Bloomberg have released a report of an “industry-wide effort” by publishers to raise the standard price of a AAA game to $70.
The first next-gen game to reveal its price was NBA 2K21, with an RRP of the standard edition being $69.99 USD. As debates continued over the price of AAA games in the next-generation, at least one industry analyst proposed gamers would be “happily pay“ the $10 higher price.
Other games with the new $70 USD price tag on digital stores include Call of Duty Black Ops: Cold War, Demon’s Souls (2020), and Godfall. All of these titles are coming to next-generation consoles.
Now, Bloomberg reports there is an “industry-wide effort to raise the standard price to $70” and that “Inside publishing houses, a price hike has been plotted and dissected by executives for years.”
Their source were anonymous executives, “apparently because they recognize the move is unpopular.” Specifically; Bloomberg claim that Sony discussed going even higher before settling on $70. A spokeswoman for Sony told Bloomberg that while some launch titles are as little as $50, the “biggest games” would be $70.
Their reported citation is inflation, and the increasing costs of AAA development. For example, a $60 for a game in 1990 would be $100 today according to the U.S. Bureau of Labor Statistics data. This is ignoring how PlayStation games and disc games since 1994 saw games fall to $50 until 2005 with the Xbox 360 and PlayStation 3 a year later raising it to $60.
One gamer, former U.S. Navy sailor and now IT worker Dan Armstrong discussed the rising prices with Bloomberg, and how the coronavirus pandemic and less hours at work made buying games at $70 unpalatable.
“When I started earning my own income, left my parents’ house, the standard so far was $50 when I was younger, then it went to $60, and I am hearing it’s going to go to $70. It’s getting kind of ridiculous.”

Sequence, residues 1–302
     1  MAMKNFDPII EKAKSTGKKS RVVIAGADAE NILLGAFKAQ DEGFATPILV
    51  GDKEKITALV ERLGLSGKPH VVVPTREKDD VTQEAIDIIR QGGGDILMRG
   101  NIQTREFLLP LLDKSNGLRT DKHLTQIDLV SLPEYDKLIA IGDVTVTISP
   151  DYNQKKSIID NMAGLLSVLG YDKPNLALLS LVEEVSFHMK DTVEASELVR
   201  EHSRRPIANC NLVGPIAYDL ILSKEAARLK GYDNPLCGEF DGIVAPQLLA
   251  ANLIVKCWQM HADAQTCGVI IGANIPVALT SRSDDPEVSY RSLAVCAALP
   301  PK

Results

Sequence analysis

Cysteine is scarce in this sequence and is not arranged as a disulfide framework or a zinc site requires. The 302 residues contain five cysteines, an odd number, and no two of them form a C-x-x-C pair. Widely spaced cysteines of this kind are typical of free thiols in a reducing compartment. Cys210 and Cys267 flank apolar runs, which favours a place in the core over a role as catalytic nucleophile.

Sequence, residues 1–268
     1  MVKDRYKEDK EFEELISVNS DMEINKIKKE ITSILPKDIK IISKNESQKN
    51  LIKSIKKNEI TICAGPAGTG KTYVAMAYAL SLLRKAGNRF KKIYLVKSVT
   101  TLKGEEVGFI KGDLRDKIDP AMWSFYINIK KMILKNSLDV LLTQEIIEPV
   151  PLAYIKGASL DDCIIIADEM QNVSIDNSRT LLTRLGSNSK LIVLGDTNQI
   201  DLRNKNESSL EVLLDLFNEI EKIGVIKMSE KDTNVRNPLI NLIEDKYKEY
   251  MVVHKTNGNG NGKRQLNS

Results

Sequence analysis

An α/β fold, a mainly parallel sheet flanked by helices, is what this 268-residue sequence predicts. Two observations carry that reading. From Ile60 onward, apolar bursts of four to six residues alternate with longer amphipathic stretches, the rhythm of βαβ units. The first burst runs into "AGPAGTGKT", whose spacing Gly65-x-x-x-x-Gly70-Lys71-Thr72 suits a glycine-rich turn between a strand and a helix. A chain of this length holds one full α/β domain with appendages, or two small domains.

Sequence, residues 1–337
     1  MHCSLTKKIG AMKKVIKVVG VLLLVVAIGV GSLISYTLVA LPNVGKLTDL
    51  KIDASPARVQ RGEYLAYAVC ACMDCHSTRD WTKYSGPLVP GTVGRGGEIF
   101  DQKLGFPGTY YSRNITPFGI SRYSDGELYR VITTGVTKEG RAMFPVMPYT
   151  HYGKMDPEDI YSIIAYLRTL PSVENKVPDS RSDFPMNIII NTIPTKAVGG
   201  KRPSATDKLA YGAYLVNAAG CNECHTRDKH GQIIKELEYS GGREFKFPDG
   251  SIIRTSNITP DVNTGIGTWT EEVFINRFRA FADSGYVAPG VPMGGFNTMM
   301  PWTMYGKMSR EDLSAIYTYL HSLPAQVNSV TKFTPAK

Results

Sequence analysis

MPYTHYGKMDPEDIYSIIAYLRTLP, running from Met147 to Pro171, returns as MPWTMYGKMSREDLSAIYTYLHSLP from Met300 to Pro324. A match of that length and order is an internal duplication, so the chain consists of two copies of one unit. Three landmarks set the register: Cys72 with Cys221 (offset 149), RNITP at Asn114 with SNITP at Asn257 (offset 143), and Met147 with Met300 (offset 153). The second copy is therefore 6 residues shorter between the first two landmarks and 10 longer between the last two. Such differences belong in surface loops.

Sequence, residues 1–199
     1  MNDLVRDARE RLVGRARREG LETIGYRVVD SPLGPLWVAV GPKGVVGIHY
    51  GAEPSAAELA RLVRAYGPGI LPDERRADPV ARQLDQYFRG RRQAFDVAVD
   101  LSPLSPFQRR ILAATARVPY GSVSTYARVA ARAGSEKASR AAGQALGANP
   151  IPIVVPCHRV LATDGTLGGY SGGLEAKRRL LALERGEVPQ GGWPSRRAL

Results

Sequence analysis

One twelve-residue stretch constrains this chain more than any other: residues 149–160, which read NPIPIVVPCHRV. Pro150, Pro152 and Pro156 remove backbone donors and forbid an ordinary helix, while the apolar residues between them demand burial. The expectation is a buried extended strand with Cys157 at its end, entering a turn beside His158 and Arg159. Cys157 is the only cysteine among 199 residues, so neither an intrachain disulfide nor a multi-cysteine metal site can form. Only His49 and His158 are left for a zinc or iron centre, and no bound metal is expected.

[After his work hours were halved due to the pandemic] “We don’t know how long it’s going last. I would rather keep my money in a safe place rather than giving my money to Activision. I do understand they need more programmers, graphic designers. But some of that just seems a bit greedy.”
Even so, IDG Consulting Inc.’s head Yoshio Osaki told Bloomberg that “Not all publishers will launch next-gen games at $70. However, we do anticipate that a growing percentage of games will launch at $70, but not all at once and not uniformly across every publisher or every game franchise.”
Despite the gloomy outlook, Capcom’s chief financial officer Kekichi Nomura stated “We believe game software’s price should be determined by how much money consumers are willing to pay for the quality, not by how much money we spend to make that game.”
Likewise, both Sony and Microsoft may be prepared to undercut one another to help drive their sales of the PlayStation 5 and Xbox Series X respectively. DFC Intelligence analyst David Cole explained this had been done with Halo Infinite and Spider-Man: Miles Morales for $60 each.
However, Cole relented that $70 would likely be the future. “Consumers will definitely pay in the short term.”
Bloomberg had previously reported numerous claims from anonymous sources familiar with the matter or were employees; stating that Sony were struggling to find parts for the PlayStation 5, and meeting fluctuating production goals [1, 2, 3, 4]. Sony Interactive Entertainment (SIE) would later deny these claims.
The latest of these were was anonymous PlayStation employees and developers telling Bloomberg that the company was losing faith in Japan as a market, while Microsoft is seeking to seize it with acquisitions. While Bloomberg’s sources seem primarily focused on Sony, the phrasing of their statement would imply this is more than just Sony’s goal.